Campaigners for reparations might not want to speak about ‘modern-day slavery’ because discussions about modern slavery have too often had the effect of glossing or diluting a recognition of the history and legacies of slavery. The silence might be expedient but perhaps this is to concede too readily to the terms on which they are forced to debate. The language of the reparatory is constituted within the discourse of human rights that has itself transformed the political terrain. As many have observed, the idea of reparation is a concept of justice that has purchase in a world where the idea of revolution as a way of overcoming the past no longer seems a possible way of thinking about the future. As David Scott notes, it is perhaps this context that has ‘made the language of trauma – and the memory work that sustains it – so arresting for thinking about the persistence of harms resulting from the perpetration of historical wrongs’.
Scott is right insofar as trauma is a contemporary structure of feeling, which functions as a cultural dominant within which the reparative organises modes of remembrance in relation to inherited experience. It structures cultural memory around guilt, loss and pain by producing divisive and fragmented conditions that work to legitimise, privatise and contain that structure of feeling within a redemptive narrative of ‘working through’. Yet reparative history is about more than contemplating injury or apportioning blame. It is about agency, and it can be wedded to a form of memory energised by the emancipatory activism, solidarity and political struggles of the past. Any form of politics begins with the articulation of a particular grievance but it does not need to become enmired there.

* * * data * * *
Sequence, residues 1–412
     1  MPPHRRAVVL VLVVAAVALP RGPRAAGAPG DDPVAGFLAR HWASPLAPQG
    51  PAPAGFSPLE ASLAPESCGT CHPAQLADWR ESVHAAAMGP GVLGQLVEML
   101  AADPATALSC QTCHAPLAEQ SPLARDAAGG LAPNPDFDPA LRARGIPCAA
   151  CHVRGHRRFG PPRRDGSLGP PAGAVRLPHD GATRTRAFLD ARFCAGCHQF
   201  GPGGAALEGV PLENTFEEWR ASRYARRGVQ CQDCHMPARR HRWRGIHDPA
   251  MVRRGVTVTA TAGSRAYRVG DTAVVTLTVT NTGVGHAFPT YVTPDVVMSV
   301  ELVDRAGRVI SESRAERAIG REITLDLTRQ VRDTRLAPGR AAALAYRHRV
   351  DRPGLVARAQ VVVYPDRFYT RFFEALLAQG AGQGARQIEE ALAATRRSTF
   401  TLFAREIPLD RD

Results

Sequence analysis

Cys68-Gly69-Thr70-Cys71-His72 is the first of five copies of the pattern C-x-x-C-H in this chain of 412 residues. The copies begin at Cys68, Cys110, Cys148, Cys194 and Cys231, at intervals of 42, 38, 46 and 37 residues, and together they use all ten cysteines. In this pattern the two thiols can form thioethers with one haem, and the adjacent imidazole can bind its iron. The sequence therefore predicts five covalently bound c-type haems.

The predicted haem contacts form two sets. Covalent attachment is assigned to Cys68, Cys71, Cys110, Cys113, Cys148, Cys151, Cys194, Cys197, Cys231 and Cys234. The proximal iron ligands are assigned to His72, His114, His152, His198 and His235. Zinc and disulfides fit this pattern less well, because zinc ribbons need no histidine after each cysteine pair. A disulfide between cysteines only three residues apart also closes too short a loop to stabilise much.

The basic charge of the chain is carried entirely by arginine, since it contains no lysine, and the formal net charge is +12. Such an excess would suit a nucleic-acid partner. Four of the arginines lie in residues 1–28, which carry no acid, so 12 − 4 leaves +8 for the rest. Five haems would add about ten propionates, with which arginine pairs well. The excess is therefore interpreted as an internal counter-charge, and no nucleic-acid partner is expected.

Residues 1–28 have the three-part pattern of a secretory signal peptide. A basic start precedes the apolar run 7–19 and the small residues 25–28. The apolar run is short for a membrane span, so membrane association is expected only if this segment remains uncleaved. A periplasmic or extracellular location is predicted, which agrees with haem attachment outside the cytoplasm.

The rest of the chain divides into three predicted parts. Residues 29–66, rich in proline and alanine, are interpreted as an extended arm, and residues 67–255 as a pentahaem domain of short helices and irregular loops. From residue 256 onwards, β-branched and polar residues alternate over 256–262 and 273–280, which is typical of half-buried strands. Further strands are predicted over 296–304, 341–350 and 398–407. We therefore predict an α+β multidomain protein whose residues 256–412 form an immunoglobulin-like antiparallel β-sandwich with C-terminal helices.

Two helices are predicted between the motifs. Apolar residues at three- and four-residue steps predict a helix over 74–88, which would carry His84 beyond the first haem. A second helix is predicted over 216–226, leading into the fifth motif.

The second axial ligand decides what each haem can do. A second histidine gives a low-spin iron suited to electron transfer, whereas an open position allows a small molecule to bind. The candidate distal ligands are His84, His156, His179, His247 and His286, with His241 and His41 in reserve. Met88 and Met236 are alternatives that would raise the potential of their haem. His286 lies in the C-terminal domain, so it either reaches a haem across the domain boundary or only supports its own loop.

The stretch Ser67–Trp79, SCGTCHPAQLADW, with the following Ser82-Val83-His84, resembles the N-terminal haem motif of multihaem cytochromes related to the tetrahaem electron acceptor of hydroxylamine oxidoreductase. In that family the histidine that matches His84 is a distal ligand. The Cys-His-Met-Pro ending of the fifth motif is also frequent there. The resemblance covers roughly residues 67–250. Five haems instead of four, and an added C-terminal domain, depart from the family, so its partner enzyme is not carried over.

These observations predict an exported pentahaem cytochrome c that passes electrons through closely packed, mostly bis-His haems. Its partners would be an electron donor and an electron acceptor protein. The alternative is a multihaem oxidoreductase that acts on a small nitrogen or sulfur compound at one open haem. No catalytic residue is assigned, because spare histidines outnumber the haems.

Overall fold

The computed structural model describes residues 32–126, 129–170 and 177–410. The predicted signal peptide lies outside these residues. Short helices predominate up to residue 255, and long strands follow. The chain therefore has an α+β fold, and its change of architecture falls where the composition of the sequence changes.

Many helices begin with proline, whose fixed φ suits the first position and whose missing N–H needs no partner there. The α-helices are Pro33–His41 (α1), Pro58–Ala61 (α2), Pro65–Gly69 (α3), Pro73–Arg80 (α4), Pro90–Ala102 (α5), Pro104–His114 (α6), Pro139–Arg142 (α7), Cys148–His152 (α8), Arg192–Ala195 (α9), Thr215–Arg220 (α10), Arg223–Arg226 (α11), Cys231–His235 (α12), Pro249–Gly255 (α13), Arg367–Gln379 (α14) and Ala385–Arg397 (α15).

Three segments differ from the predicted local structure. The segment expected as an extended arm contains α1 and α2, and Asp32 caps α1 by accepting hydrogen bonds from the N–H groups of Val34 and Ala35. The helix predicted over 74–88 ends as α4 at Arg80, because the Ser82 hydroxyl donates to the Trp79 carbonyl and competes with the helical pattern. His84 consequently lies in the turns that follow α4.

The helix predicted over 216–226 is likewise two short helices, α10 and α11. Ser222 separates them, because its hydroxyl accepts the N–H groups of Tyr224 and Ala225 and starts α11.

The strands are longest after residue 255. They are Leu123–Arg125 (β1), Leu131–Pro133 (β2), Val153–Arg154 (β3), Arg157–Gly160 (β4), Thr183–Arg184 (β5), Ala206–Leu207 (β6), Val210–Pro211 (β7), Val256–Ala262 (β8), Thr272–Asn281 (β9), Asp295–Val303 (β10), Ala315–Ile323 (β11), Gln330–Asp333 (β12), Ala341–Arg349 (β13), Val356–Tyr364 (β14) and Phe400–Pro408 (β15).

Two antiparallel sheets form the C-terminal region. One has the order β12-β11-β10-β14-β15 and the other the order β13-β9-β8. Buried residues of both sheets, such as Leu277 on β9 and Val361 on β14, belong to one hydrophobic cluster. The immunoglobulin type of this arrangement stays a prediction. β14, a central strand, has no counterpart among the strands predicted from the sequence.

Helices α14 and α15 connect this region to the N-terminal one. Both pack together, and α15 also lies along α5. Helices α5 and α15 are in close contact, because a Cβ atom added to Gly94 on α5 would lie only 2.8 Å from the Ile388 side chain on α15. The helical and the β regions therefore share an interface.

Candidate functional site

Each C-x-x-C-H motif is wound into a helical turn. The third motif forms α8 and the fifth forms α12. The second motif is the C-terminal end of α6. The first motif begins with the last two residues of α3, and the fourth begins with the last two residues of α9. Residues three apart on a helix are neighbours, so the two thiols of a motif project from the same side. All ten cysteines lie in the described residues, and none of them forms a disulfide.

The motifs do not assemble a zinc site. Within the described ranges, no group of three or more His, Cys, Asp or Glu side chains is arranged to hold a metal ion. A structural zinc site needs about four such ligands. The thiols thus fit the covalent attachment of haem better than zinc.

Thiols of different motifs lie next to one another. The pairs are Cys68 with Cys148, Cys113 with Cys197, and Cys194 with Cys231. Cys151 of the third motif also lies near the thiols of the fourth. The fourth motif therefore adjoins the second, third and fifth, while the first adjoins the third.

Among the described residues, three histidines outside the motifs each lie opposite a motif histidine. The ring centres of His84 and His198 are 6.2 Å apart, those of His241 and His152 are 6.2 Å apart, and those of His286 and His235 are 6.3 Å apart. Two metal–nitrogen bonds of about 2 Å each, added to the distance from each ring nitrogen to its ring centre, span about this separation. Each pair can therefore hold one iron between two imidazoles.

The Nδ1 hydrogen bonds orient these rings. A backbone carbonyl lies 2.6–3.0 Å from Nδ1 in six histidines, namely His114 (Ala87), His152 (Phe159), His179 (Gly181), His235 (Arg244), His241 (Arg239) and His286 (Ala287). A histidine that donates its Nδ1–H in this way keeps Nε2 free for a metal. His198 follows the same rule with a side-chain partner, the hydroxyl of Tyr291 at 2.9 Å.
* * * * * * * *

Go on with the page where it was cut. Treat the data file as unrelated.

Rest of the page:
The concept of the reparative – thought through historically – enables the work of mourning to be connected to the politics of material redress by refusing to understand the history of ‘race’, imperialism and slavery from the vantage point of contemporary progress and reason. The point here is to excavate histories of resistance, solidarity and collectivity as vital for the now. The liberal narratives, which would monumentalise and domesticate histories of slavery and colonialism, struggle with acknowledging the presence of black radicalism, black rebellion, anti-colonial struggle and the alternative cultural memories that are precisely being registered on the streets of Baltimore and in the voices of the Black Lives Matter movement. Reparative history is concerned with grievance as the starting point of politics, with no easy relation to a restorative project, but recognising grievance or rage as the agent of history. It is concerned with making ‘race’ visible, and with critically engaging with the giddy promises of liberalism, not in terms of the claims that liberalism makes for itself but with the radical re-appropriation of those claims by countless subjects of racialised capitalism. This project is, of course, an acknowledgement of those grievances but it is, concomitantly, an acknowledgement of the complex solidarities that were created in the struggles against slavery and colonialism. It is thus the dialectical interconnections between the colonies, the ex-colonies and the metropole which complicate discrete ethno- centric understandings of the past that underpin the essays in this collection.